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After reading the very insightful question to what extent were the Jewish persecuted during the Soviet Union and its first two answers reminded me my high school History classes to the extent that the demonstration of rs.29, which has been accepted, goes against my memories of Communist anti-Semitism, at least in France. Indeed I remember hearing that the Communists and the left in general were opposed to the Jews assimilating the Jews to money and capitalism ...

I know that the Dreyfus affair was an important changepoint for the communists and the Left for them to stand with the Jews to the extent that it was about defending human rights. But I also know from this article on L'Antisémitisme à gauche. Histoire d'un paradoxe, de 1830 à nos jours, written by Michel Dreyfus that several figures from the left were openly anti semitic. Like revolutionary Auguste Blanqui and his disciples, the disappointed of Dreyfusism, the pacifist socialists hostile to Leon Blum and other, the ultra-left ferment of negationism, the antiparliamentary left, stood against the Jews. But this is generally speaking about the left. I only know Paul Rassinier, former communist then socialist, and founder of negationism that has exported so well to the Muslim world, is now well known. Or Robert Louzon (1882-1976), one of the animators of The proletarian revolution, magazine "syndicalist" founded in 1925 by revolutionary militants precociously excluded from the PCF. So I don't know what to say about the communist position from its cradle to WW2

I imagine that WW2 was another changing point as far as being Communist was a reason to be arrested in France as it was for being Jewish. Yet the French Communist Party only turns to resistance in 1941 after the German-Soviet Pact was broken by Germany invasion and the USSR, leader of the communists parties thanks to the Kominform until it was disbanded in 1956, quickly stood with the Arab countries against Israel. From this period to nowadays it starts to be quite hard to figure out for me for a lack of historical knowledge.

As a result were communists opposed to the Jews in France ?

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    Judaism or Jews? – Display name Feb 14 at 12:31
  • @Orangesandlemons good question. I think I should keep it to the Jews as far as I feel there were opposed to them for wealth or capitalistic reason. Communists were opposed to Judaism for being, as other religions, a honeypot. So this is not specific. – IggyPass Feb 14 at 13:28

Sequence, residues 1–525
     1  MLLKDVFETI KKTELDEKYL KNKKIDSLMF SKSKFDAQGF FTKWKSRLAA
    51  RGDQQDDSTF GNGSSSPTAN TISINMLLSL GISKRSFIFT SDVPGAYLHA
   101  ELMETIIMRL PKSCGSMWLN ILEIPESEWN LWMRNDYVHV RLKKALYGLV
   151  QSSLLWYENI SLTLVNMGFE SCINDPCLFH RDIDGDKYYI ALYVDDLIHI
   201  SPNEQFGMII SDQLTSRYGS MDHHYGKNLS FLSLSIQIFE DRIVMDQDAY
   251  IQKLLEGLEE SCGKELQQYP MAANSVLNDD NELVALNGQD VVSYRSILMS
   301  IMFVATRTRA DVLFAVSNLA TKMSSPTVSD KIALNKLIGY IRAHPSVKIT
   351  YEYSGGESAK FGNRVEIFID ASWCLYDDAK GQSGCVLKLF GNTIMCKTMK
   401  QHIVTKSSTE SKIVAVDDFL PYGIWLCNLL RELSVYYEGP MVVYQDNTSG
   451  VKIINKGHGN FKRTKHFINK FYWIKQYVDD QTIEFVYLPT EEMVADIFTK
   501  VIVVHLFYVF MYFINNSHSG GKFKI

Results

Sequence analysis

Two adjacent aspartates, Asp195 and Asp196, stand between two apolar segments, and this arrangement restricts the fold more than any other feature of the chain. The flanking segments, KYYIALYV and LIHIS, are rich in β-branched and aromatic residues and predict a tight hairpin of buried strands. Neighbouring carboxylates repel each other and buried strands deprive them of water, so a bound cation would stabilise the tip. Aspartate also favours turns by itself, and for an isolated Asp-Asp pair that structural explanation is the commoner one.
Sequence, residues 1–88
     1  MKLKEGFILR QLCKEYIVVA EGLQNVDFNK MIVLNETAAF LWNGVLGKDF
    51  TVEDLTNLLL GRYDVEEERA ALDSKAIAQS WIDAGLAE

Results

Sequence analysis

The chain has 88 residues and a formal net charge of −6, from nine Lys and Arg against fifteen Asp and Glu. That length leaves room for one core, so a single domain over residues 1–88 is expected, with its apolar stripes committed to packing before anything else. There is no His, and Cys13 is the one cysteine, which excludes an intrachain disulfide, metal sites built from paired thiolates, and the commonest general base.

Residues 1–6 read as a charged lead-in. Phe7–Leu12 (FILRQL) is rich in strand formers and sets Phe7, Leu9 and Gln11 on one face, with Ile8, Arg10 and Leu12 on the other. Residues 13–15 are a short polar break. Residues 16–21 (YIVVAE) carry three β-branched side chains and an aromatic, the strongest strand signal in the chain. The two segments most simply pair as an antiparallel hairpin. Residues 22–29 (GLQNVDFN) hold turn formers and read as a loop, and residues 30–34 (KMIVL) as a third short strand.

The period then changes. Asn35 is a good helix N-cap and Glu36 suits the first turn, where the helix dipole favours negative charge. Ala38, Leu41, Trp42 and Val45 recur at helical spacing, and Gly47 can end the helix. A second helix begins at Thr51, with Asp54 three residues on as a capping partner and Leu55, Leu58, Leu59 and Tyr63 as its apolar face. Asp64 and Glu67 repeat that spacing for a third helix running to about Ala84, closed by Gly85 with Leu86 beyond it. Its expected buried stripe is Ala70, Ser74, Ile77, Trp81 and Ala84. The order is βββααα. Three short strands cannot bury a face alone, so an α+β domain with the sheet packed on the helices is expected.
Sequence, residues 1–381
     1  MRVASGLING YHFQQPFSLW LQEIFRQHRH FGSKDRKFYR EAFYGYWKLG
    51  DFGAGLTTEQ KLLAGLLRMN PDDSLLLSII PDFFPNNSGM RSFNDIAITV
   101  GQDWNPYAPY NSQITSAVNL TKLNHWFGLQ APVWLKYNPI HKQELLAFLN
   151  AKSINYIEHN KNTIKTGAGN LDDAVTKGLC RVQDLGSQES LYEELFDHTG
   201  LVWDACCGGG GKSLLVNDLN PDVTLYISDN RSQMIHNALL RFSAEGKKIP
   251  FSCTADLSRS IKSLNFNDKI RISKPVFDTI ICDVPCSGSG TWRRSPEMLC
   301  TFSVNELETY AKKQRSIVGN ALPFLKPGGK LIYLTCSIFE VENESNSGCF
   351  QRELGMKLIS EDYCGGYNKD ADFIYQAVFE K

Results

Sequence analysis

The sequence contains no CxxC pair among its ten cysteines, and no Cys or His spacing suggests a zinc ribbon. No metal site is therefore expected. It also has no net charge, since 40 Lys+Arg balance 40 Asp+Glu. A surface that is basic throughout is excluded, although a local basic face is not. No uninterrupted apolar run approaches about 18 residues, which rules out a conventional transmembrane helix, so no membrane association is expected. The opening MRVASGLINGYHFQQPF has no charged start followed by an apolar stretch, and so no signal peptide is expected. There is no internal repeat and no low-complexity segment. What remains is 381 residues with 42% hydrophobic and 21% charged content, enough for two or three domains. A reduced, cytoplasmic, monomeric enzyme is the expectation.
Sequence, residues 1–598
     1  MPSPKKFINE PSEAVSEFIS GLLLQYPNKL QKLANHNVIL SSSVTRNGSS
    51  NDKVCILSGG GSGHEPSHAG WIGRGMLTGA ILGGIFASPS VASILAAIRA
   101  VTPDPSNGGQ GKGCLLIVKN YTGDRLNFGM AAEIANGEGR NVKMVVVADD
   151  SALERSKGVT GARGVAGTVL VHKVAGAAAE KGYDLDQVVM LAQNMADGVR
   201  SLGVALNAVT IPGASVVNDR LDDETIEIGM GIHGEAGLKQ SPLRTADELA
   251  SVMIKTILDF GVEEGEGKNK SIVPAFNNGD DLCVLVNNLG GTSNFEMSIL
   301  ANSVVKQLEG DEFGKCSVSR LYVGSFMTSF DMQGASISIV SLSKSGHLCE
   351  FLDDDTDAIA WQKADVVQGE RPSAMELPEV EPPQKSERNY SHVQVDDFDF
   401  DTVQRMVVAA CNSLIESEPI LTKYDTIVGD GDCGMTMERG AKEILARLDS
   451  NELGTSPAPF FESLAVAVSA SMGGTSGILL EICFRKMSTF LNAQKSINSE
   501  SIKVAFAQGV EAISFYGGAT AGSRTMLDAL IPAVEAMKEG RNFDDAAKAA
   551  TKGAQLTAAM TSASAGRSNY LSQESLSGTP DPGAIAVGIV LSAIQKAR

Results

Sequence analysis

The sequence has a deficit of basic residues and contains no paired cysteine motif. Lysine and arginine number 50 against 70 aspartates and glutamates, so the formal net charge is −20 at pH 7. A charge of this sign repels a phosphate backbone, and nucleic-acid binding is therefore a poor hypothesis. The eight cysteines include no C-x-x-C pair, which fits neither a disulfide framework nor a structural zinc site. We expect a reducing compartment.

• As a result I think there is a difference between the practitioners of Judaism, which was the main interest of the question which raised my interest, and the Jews I'm focusing on. And I don't know if I can say that the practitioners of Judaism were protected by USSR, after reading rs.29's answer whereas the French Communists were opposed to the Jews as a people. – IggyPass Feb 14 at 13:29
  • This question badly suffers from wild overgeneralization. What do you nean by 'communists': all of them, only some, half? In which period? Same question for 'Jews'. Why do you expect a general answer to this question would even make sense? – reinierpost Mar 9 at 15:39
  • @reinierpost Yes, like asking if nazis were antisemits, this would be generalizing as well ;) Joke apart, I think the good approach is to distinguish which communists branches were openly antisemic, if catefories can be created from the individuals positions, as well as at what time (because it is History here, eh?). As far as I have found numerous examples of people claiming to cbe commnists standing with clear antismeic point of views the a historical breakthrough would be to break out of this cloud specific categories at specified times – IggyPass Mar 9 at 18:36
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No, at least not during World War II.

Yes, the Communist resistance was fairly late in starting (1941), but when it did, its leader, Colonel Gilles (aka Joseph Epstein), was Jewish.

Also, Leon Blum, the pre-war French premier, was both Jewish and socialist. He would not have gotten in without Communist support.

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Communism in general is atheist. Marx famously opined that religion is the "opium of the people." Note that different countries had different degrees of tolerance. Some have freedom of worship but don't allow organized religion (e.g. Vietnam).

Another thing to note - it can be used as a tool to manipulate people, which is what Stalin did with Eastern Orthodoxy.

That being said, it may not directly answer your question, but one can deduct that Communists were not all accepting of zealots, but tolerated religion in general as it could be politically useful.

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